|POLI_SCI 490||Special Topic: Race and Immigration||Merseth|
POLI_SCI 490 Special Topic: Race and Immigration
This course examines the role of immigration in American politics with a focus on influential theories and evidence of the relationship between race and immigration, historically and present-day.
|POLI_SCI 490||Special Topic: Comparative Methods||Mahoney|
POLI_SCI 490 Special Topic: Comparative Methods
|POLI_SCI 490||Special Topic: Race and Contemporary Political Theory||Tillery|
POLI_SCI 490 Special Topic: Race and Contemporary Political Theory
This course introduces students to philosophical debates over the nature of the race concept, race relations and racial justice in contemporary political theory. The course will explore the following core questions: How have contemporary political theorists conceptualized the race concept and racial difference? How do contemporary political theorists see the relationship between democracy and racial inequality? What theories of racial justice have emerged in contemporary political theory? The course will examine the works of theorists ranging from the late nineteenth century to the rise of the critical race theory movement in the late twentieth century.
|POLI_SCI 490||Special Topic: Perspectives on Southeast Asian Politics||Hurst|
POLI_SCI 490 Special Topic: Perspectives on Southeast Asian Politics
What, if anything, is distinctive about politics across the countries of the region we call Southeast Asia? Are the similarities between different national experiences necessarily greater than the differences? While these are to some extent open questions, what is clear is that the general perspectives arising from analyses of Southeast Asian politics have extended their influence across large parts of comparative politics and beyond. In this class, we’ll focus on reading a mix of classic and recent contributions (with some tilt toward the latter) to a variety of literatures that spring from deep engagement and careful field research across a range of Southeast Asian contexts.
|POLI_SCI 490||Special Topic: Small-N and Case Study Methods||Mahoney|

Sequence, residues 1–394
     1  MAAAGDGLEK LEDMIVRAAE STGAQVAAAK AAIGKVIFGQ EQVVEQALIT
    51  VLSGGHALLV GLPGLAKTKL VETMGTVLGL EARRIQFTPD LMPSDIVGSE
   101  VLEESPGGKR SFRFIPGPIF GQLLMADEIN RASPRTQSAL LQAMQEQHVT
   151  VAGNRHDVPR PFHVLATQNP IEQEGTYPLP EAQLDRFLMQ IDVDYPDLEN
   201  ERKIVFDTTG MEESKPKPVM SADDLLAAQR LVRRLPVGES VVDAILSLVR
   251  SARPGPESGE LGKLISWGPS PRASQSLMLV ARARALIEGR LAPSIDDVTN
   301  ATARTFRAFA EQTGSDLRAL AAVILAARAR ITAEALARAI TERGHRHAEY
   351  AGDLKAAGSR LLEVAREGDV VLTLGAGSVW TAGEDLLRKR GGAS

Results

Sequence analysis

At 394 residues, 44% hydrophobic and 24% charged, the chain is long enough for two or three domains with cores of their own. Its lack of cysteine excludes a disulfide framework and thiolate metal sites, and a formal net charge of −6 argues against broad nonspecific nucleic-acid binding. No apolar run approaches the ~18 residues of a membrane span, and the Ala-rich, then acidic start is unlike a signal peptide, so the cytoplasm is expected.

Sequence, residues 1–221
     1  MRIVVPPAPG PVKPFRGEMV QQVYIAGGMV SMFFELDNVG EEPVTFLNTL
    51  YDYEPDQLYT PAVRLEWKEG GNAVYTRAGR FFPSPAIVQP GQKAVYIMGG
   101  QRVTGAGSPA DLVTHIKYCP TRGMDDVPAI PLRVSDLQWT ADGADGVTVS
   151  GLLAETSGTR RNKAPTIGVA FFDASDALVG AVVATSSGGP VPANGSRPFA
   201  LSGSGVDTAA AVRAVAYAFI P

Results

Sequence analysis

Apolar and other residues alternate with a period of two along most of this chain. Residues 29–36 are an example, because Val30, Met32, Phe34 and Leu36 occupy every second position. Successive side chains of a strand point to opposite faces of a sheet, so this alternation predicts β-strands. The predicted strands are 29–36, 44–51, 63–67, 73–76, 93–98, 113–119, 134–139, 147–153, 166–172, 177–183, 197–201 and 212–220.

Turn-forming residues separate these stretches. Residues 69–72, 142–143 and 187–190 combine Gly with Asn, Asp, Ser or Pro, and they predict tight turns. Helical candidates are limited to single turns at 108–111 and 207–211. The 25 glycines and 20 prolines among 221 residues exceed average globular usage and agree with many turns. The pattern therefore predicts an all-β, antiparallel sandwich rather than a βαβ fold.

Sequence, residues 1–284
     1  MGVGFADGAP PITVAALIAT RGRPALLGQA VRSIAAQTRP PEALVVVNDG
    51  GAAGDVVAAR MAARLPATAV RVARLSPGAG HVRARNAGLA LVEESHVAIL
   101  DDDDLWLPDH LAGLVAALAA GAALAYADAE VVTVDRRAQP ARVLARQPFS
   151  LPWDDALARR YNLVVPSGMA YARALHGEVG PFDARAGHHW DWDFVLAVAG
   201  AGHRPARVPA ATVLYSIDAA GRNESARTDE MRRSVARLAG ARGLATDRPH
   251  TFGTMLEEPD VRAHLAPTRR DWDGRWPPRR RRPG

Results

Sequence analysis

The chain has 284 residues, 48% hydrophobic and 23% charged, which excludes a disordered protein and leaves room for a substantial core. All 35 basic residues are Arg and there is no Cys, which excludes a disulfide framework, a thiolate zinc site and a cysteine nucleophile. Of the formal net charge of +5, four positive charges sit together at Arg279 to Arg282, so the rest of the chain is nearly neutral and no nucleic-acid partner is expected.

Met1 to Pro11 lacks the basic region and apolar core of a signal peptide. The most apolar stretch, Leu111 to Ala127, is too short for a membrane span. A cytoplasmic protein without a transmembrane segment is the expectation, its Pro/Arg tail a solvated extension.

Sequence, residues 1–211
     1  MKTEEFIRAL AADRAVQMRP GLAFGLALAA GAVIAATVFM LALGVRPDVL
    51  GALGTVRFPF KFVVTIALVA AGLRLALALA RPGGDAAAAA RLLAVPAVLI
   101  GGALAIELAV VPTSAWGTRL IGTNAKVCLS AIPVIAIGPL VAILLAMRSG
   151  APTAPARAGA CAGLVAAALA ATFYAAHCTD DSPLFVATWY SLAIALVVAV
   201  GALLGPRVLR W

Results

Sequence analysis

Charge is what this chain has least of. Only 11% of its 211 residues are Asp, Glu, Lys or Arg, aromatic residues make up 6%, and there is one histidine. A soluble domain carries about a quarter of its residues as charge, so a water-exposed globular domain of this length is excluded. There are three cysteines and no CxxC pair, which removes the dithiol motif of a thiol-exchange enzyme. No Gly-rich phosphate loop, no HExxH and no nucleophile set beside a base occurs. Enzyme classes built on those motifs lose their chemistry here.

POLI_SCI 490 Special Topic: Small-N and Case Study Methods
This seminar offers a broad and advanced introduction to the field of comparative methodology. The emphasis is on what are conventionally regarded in political science as “qualitative” methods for the analysis of a relatively small number of cases. In sociology, this field is generally known as comparative-historical methodology. The course focuses on recent methodological writings, though a few classical pieces are also included. The readings are not specific to any substantive subfield in political science or sociology. The course assumes no prior background in qualitative methodology, but the material is advanced.
|POLI_SCI 490||Special Topic: Comparative Political Theory: Methods, Issues, and Applications||El Amine|
POLI_SCI 490 Special Topic: Comparative Political Theory: Methods, Issues, and Applications
This course will explore how political thought from outside the Western canon should be studied, and how to think normatively about polities outside the industrialized West. It involves an overview of the growing field of Comparative Political Theory, as well as related discussions in the disciplines of comparative literature, philosophy, history, and anthropology. The first half of the course will focus on methodological debates, while the second will turn to applied work in CPT on the topics of democracy, liberalism, self-determination, and multiculturalism.